Vol 12 No 1 (2020)

Addiction: Imprisoned Emancipation

Wycliff Arie Matanda
Former Athabasca University student (2016)
Published June 23, 2020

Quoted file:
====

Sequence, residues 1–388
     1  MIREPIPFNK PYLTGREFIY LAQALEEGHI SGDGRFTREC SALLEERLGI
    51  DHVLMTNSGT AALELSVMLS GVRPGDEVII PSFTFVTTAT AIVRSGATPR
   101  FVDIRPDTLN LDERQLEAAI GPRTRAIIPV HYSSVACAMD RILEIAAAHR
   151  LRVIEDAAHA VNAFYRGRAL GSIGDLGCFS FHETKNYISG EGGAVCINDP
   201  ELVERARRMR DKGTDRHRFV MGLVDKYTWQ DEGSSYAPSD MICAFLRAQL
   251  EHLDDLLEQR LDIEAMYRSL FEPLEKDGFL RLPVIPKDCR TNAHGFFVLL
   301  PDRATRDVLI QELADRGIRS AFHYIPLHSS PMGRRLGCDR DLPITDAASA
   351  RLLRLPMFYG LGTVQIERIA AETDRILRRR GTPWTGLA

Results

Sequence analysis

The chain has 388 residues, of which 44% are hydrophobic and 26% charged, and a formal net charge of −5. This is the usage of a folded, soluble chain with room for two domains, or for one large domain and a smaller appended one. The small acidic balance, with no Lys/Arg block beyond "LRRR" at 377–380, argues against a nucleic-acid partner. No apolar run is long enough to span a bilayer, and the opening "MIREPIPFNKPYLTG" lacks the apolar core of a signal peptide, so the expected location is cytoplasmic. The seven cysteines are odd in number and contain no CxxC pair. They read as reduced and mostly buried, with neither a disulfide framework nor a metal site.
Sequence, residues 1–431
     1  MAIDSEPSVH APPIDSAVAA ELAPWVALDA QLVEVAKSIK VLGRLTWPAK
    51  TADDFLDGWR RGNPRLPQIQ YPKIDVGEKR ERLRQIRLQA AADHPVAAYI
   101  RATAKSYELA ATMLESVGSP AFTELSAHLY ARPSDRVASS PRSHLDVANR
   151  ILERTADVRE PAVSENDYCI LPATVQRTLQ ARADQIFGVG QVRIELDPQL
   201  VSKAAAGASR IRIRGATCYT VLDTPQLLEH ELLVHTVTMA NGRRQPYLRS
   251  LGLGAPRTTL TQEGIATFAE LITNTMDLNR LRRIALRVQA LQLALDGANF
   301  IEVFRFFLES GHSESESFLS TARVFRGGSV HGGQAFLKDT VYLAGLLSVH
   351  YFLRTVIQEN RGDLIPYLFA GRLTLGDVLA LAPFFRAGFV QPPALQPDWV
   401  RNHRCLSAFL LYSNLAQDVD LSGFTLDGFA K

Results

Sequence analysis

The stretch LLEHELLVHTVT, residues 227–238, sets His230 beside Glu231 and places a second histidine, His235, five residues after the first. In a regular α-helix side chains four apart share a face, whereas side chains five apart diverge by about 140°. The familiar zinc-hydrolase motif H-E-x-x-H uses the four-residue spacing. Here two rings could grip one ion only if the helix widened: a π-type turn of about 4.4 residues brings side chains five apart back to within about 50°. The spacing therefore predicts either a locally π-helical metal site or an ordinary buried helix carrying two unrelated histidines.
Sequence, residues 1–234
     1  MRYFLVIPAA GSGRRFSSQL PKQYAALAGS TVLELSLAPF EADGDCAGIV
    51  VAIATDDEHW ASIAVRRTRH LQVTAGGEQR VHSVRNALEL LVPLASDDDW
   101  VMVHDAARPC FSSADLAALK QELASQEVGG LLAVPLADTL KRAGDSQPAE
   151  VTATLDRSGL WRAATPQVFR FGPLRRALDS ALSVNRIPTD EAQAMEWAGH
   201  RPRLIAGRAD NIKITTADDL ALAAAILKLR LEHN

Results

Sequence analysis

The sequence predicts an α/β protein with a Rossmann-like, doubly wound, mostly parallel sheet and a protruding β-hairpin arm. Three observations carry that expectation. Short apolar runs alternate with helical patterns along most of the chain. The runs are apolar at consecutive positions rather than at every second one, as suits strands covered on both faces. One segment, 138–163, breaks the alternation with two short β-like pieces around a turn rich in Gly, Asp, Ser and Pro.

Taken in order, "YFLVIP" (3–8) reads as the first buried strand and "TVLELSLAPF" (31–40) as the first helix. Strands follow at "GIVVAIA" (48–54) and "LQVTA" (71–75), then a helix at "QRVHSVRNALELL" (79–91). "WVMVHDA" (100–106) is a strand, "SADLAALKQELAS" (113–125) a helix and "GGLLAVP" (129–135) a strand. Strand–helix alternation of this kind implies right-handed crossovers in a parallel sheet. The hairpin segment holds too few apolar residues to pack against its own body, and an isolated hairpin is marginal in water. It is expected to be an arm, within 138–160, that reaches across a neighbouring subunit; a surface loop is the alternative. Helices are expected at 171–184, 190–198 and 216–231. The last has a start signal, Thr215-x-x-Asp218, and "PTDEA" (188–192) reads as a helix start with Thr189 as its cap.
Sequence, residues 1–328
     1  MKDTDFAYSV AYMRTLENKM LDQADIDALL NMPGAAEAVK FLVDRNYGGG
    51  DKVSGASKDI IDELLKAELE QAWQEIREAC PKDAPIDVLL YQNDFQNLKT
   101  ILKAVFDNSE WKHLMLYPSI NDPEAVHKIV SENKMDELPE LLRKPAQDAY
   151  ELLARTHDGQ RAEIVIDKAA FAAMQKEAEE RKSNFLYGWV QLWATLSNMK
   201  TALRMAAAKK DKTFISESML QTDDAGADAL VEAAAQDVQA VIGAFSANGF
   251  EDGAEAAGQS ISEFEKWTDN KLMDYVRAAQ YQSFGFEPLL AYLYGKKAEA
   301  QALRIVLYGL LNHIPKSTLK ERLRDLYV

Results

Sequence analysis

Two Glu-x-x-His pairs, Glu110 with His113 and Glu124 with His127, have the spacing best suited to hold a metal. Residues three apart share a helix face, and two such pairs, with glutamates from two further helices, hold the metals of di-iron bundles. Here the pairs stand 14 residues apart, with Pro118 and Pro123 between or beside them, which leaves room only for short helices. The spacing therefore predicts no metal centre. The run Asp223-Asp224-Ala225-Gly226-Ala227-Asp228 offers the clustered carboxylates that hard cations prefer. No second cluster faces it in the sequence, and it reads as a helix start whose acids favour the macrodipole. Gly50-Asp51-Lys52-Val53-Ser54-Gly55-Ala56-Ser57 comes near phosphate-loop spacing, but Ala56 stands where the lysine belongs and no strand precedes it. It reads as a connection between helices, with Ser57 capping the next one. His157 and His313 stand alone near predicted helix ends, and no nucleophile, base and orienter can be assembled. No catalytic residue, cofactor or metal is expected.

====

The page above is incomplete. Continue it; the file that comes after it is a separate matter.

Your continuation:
Addiction is a biopsychosocial condition, unveiling itself as a by-product of personal and social adversities set against a backdrop of Western consumerism. Addiction is an oxymoron--a compound of emancipation, yet, also an ostensibly sempiternal imprisonment. Addiction is a means of liberation from a fragmented personal and social identity intertwined with a deep-rooted socio-cultural malaise. Within the deceivingly liberating confines of addiction, individuals seek to reconstruct their own structure and order. Simultaneously, addiction becomes a prison cell as the fleeting moments of liberation is a guise and soon make way for an unpleasant, and inescapable milieu of emotional pain and enduring emptiness. As we cling to the devoid virtues of Western life and consumerism (e.g. wealth and power)--mere substitutes for a meaningful, constructive existence--we are doomed to fall into a continuous emancipation-imprisonment cycle.